Why You Should Watch: The Shining

The Shining (1980)

From IMDb: A family heads to an isolated hotel for the winter where a sinister presence influences the father into violence, while his psychic son sees horrific forebodings from both past and future.

Here I was trying deliberately not to chose a film that was too on the nose about the Coronavirus pandemic. Then, as Stuart Ullman tells Jack about a sordid story (it turns out to be one of many) about the Overlook hotel’s past, Ullman says the following:

The police eh…they thought that it was what the old-timers used to call cabin-fever, a kind of claustrophobic reaction which can occur when people are shut in together over long periods of time.

The Shining

My wife just turned to me and said “hmmm.” This is also the same day we found out we will both be working from home together for at least two weeks. But in my defense Jack goes on to say:

As far as my wife is concerned, I am sure she’ll be absolutely fascinated when I tell her about it. She’s a confirmed ghost story and horror film addict.

The Shining

So clearly my wife is the Jack Torrance in this situation.

But I digress.

If you were only going to watch one horror movie ever and asked me which one it should be, I would say The Shining without much hesitation. It’s not just an iconic horror film, but an iconic film period. Which is a distinction even I don’t believe many honest to goodness horror films possess. I get that you feel like you’ve already seen this film with all the references and parodies made to and of it over the years. And to be completely honest, if you watch this, you might be underwhelmed on the first viewing given how well-known the movie and some of its key scenes are. It goes against a lot of what I find effective in horror films – it is a hard situation to imagine myself in, it seems like Wendy is married to a nut job from the get go and is just starting to realize it, and there is a shockingly low death count. Yet…

There’s something hypnotic about this movie. The atmosphere is so pervasive, giving you the sense that you are experiencing the psychological gift of “the shining” alongside Danny. This is expertly done using a high pitched tone followed by an incredibly effective ominous music tone to indicate when something supernatural is happening. It locks you firmly into the sense of dread and isolation the characters are feeling.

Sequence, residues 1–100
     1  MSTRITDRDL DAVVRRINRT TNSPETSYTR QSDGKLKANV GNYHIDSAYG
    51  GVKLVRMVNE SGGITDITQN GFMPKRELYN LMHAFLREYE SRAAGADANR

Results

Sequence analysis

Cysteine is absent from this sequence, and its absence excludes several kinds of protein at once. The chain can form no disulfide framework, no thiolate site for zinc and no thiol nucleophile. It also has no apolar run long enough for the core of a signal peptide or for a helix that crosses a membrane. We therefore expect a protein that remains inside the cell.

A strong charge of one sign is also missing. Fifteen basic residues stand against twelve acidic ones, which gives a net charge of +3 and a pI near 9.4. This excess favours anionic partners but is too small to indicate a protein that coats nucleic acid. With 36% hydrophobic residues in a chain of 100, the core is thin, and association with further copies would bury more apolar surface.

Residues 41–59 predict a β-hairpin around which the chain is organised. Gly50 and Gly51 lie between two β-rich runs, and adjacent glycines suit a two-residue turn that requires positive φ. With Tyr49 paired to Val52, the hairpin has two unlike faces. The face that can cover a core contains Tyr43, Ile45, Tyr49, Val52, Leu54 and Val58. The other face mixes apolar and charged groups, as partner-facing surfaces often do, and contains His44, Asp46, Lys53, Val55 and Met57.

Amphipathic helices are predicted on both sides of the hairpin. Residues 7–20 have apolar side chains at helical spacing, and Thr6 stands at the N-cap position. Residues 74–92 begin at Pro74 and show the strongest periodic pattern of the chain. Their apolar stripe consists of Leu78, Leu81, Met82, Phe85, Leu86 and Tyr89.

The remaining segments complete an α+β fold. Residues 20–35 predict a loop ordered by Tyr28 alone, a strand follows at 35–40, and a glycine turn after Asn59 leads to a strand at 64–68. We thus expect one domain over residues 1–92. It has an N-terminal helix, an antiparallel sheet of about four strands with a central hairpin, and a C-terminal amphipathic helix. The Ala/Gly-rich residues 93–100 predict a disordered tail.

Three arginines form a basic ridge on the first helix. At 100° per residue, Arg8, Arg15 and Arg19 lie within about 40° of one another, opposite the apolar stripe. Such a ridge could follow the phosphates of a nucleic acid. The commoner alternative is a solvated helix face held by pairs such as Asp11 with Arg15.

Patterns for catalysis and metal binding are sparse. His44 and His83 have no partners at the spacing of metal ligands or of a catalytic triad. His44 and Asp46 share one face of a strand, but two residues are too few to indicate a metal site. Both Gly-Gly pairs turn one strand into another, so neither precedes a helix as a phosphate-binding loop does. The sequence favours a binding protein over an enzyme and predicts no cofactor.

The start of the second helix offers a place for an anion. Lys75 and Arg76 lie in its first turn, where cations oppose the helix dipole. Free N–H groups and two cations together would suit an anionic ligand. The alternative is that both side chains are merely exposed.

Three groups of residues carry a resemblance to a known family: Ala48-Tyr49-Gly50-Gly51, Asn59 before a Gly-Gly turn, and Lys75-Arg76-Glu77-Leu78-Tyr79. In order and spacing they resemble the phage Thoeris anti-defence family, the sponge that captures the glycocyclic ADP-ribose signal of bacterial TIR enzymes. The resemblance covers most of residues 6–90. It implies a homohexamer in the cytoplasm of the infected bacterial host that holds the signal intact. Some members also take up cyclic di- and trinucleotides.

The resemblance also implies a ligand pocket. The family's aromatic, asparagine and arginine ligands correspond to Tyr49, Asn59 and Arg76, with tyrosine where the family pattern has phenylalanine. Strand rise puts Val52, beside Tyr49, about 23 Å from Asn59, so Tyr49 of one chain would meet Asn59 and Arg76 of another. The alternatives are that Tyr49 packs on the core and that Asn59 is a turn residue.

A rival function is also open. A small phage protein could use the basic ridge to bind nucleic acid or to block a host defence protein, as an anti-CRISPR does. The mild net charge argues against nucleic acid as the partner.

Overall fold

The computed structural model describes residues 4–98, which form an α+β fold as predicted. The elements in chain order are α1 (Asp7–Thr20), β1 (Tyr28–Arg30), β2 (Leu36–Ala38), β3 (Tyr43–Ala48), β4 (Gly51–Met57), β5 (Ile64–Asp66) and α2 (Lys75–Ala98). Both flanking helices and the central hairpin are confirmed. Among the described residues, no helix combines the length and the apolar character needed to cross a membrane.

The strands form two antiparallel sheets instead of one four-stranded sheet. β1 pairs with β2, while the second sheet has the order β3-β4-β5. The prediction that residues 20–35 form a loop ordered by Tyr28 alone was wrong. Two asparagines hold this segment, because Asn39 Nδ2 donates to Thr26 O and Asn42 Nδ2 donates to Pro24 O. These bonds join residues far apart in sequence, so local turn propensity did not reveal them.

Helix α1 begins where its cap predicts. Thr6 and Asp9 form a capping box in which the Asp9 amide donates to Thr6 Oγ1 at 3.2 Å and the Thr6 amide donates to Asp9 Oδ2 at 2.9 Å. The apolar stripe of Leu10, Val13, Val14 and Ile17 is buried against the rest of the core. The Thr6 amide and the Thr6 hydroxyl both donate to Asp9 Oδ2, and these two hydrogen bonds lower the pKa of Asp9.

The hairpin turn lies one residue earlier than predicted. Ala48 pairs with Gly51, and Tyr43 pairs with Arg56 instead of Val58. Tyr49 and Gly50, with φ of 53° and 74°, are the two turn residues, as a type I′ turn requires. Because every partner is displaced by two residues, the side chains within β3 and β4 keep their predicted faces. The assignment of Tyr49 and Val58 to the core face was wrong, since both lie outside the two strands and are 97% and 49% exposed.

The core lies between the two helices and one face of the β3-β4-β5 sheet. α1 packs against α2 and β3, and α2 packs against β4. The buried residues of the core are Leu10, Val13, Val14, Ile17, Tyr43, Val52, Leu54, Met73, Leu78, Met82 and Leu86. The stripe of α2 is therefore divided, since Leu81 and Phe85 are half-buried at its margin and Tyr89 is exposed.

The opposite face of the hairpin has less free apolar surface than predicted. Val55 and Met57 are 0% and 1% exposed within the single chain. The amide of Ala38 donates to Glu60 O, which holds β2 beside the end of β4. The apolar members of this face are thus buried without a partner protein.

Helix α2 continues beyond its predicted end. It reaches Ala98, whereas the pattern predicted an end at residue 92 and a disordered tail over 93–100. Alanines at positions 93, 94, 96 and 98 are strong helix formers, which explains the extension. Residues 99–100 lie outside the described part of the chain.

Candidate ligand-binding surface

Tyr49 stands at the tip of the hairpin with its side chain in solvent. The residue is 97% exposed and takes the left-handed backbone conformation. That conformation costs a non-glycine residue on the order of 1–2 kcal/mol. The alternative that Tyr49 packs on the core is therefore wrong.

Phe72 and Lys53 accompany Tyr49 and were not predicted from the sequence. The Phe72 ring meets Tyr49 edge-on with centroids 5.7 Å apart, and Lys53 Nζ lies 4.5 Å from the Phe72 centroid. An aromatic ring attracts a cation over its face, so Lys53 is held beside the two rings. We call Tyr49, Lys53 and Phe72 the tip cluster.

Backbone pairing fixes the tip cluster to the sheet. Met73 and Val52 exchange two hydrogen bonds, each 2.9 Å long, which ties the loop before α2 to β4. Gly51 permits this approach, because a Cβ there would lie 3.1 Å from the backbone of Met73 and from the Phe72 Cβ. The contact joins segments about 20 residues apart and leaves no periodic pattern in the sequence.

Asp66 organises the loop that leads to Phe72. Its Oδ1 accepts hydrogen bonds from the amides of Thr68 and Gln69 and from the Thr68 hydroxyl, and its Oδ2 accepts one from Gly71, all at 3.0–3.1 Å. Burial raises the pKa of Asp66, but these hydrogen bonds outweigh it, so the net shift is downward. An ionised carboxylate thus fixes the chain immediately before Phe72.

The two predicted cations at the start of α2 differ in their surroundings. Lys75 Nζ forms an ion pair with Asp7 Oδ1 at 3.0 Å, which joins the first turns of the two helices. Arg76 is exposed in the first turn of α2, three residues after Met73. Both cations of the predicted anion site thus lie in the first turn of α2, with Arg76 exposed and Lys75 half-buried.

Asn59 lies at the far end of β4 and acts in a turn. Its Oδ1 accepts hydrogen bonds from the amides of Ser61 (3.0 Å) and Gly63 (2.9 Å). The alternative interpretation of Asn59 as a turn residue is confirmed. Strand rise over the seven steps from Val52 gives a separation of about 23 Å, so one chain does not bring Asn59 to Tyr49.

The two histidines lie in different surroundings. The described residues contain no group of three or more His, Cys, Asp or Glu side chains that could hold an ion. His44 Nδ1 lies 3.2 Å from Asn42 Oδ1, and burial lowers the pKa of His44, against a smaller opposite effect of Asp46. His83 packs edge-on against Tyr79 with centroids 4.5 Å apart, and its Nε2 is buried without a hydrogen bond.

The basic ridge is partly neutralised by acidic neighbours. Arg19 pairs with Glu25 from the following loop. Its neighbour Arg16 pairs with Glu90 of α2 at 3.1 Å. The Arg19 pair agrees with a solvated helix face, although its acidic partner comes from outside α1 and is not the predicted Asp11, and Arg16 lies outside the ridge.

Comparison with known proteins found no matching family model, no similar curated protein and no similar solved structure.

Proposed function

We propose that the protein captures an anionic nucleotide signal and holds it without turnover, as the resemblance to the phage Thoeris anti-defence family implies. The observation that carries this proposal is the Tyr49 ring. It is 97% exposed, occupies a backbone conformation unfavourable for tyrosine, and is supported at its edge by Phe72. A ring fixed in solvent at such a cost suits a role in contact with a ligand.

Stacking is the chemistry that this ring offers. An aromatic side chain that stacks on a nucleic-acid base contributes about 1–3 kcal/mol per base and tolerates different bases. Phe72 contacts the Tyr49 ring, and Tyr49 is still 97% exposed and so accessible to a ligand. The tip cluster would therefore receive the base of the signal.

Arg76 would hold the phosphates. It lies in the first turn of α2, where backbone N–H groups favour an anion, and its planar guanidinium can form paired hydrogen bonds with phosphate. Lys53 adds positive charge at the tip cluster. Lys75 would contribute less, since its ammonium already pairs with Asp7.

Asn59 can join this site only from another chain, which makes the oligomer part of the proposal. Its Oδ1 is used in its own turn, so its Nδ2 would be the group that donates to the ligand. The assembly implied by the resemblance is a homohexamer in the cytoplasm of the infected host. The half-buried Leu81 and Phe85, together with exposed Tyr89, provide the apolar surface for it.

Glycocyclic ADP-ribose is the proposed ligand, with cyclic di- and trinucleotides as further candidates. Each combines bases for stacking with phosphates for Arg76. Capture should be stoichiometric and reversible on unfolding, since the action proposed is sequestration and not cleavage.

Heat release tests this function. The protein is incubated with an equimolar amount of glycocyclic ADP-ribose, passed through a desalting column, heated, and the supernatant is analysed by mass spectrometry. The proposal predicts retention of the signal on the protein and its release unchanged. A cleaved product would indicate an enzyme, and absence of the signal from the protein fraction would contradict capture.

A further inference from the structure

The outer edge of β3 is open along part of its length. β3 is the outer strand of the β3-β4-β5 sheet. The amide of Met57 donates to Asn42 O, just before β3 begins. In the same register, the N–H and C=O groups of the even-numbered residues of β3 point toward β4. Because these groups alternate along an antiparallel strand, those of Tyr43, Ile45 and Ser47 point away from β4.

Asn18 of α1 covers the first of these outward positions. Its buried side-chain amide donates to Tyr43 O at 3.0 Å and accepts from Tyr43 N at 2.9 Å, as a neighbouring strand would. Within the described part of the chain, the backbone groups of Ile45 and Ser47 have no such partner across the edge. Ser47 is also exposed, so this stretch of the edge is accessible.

This is also the first film I ever did a presentation on for college, so it holds a special place in my heart. It was during my prep for that presentation that I noticed the Torrance family (Jack, Wendy, and Danny) are only shown altogether four times in the entire film – on the drive to the Overlook, when they first arrive, when Danny circles back to his parents while they are on that initial tour, and later when Danny emerges from the infamous room 237. The film is so effectively in throwing you off-kilter, it can be easy to miss just how distant the family has always been from one another.

There’s something new I notice each time I watch this movie – in this viewing it was how restrained Jack is when reacting to the story of the previous caretaker going insane and murdering his family with an ax. We believe initially this is because he is in a job interview for a job he desperately needs so he has to remain professional. Afterwards we aren’t so sure.

There is another moment when Jack has a terrible nightmare, and Wendy comforts him while he sobs. It is a fleeting moment of tenderness between them that we are almost relieved to see given how cruel Jack is to her. Then Danny walks in with bruises, and they are immediately at odds again.

I feel like a common (and valid) criticism of this film is the way Wendy is written. It is frustrating to watch her reactions to Jack if you cannot identify with her at all. Fortunately, I have never been in an abusive relationship like Wendy. Unfortunately, I do identify with her tendency to freeze up, try to pacify, and to people please. It is a defensive reaction that is upsetting to see but realistic, which makes the movie all the more horrific and tense.

The most similar movie I can think of to The Shining is Hereditary. The Shining was not entirely well-received when it first came out, and gained a more favorable critical following over time. Even though Hereditary was critically well-received out the gate, it has a more mixed audience reaction than The Shining. I think this will change for Hereditary over time as the two movies have a lot of similarities in what makes them successful, not the least of which is how rich they are even after multiple viewings. There are also great parallel scenes between Jack/Lloyd and Annie/Joan that really cement their similarities in my mind.

The bathroom scene, and the ghosts Wendy encounters in her run for survival still make me close my eyes by instinct. I got chills rewatching the movie again tonight. This is a film that deserves to be taken seriously and watched alone when you first view it. Even if it doesn’t become your favorite horror film of all time, I hope that you can appreciate how artful it is. And if nothing else, you won’t have to be embarrassed if someone says “I can’t BELIEVE you’ve NEVER seen The Shining!”*

*I don’t know if this would actually ever happen, but after watching it you can rest assured YOU will not be caught off guard by someone being incensed you have not seen this movie.

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